You are here

Multi-taxa population connectivity in the northern Rocky Mountains

Posted date: May 24, 2012
Publication Year: 
Authors: Cushman, Samuel A.; Landguth, Erin L.
Publication Series: 
Scientific Journal (JRNL)
Source: Ecological Modelling. 231: 101-112.


Effective broad-spectrum biodiversity conservation requires that conservation strategies simultaneously meet the needs of multiple species. However, little is known about how maintaining habitat connectivity for one species or species group may also act as an umbrella for other species. We evaluated the degree to which predicted connected habitat for each of 144 different hypothetical organisms expressing range of dispersal abilities and ecological responses to elevation, roads and land cover function as an indicators of connected habitat for the others in the U.S. Northern Rocky Mountains. We used resistant kernel modeling to map the extent of the study area predicted to be connected by dispersal for each species. At relatively large dispersal abilities there was extensive overlap between connected habitat for most organisms and much of the study area is predicted to provide connected habitat for all hypothetical organisms simultaneously. In contrast, at low to medium dispersal abilities there was much less intersection of habitat connected by dispersal. We found that habitat specialists with limited dispersal ability are weak indicators of others, and likewise are weakly indicated by others. We evaluated the effectiveness of three carnivores as connectivity umbrellas for many species. All three carnivore species performed significantly worse as connectivity umbrellas than the average across the simulated species. These species are associated with high elevation forested habitats. It is the low elevation and non-forest habitats that are most at risk of habitat loss and fragmentation in the study area, suggesting that a carnivore umbrella may miss many species most at risk.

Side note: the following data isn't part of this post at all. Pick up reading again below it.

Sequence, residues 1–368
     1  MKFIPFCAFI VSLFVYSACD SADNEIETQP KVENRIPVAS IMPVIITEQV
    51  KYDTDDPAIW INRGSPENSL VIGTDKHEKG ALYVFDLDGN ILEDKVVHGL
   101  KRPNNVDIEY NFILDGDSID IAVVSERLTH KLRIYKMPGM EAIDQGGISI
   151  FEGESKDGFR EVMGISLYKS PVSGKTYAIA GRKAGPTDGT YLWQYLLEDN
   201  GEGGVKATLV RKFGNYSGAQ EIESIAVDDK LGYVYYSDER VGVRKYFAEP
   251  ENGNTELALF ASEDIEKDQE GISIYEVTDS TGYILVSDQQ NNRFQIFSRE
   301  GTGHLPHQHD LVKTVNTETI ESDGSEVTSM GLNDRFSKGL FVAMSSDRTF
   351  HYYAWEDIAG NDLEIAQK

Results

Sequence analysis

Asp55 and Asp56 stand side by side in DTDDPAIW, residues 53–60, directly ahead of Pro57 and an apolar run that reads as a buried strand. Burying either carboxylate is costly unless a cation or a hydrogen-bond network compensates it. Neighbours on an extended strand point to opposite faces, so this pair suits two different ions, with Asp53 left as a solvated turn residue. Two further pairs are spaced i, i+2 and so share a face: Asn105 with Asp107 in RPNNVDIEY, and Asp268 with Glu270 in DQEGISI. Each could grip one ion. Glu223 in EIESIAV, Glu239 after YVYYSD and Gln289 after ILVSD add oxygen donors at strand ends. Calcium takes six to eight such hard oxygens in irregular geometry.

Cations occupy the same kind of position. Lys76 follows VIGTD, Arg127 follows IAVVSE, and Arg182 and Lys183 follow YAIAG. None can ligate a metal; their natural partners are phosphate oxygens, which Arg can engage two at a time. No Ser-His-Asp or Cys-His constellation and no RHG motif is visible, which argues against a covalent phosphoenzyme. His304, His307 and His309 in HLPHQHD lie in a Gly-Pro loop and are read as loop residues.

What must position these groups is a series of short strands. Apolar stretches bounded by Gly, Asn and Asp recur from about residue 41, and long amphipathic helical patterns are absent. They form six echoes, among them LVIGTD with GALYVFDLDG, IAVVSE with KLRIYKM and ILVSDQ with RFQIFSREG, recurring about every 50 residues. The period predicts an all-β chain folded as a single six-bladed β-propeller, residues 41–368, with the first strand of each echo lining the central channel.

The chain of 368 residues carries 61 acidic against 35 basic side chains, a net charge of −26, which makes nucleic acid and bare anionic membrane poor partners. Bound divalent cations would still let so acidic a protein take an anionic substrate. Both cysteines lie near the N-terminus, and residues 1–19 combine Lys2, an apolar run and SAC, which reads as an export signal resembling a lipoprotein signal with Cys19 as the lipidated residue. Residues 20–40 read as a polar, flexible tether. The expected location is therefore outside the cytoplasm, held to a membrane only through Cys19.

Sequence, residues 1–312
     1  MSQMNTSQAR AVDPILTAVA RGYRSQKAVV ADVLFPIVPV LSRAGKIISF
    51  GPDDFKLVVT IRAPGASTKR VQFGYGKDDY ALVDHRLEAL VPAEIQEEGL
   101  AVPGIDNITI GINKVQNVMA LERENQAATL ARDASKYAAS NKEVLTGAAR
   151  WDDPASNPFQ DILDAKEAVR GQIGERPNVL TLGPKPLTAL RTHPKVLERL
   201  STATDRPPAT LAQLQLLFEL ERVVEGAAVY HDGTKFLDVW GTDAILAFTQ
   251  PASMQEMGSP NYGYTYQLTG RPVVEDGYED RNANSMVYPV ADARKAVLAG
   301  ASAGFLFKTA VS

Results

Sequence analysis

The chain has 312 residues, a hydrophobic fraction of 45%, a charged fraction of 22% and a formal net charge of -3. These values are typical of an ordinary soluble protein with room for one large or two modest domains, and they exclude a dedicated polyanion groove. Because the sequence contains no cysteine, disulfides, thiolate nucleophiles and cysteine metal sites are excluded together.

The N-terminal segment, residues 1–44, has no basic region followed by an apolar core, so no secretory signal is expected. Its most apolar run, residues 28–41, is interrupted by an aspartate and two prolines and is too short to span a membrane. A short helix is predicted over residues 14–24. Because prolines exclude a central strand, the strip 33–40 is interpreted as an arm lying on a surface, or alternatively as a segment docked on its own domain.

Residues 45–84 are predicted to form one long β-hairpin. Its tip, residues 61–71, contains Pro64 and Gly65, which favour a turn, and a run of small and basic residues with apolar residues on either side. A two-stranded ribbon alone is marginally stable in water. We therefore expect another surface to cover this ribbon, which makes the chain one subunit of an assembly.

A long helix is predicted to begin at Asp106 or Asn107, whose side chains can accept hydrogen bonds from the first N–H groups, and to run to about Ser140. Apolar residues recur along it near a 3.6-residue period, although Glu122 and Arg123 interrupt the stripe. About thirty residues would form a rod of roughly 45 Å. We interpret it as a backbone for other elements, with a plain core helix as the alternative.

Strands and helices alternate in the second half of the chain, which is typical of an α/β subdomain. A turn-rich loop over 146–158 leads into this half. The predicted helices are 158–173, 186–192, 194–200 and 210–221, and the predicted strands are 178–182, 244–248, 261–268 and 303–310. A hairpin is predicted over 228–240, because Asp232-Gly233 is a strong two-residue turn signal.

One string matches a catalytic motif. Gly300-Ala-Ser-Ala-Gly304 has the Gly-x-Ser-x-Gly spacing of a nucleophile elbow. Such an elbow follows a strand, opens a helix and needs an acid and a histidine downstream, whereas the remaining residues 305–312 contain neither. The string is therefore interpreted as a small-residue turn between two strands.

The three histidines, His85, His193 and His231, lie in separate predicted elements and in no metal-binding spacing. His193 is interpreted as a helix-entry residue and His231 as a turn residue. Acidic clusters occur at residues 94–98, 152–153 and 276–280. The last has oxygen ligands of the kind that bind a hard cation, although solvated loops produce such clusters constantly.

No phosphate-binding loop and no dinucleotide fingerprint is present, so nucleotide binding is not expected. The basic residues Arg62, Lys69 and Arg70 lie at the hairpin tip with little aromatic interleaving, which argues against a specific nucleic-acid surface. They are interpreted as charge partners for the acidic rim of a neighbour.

Cushman, Samuel A.; Landguth, Erin L. 2012. Multi-taxa population connectivity in the northern Rocky Mountains. Ecological Modelling. 231: 101-112.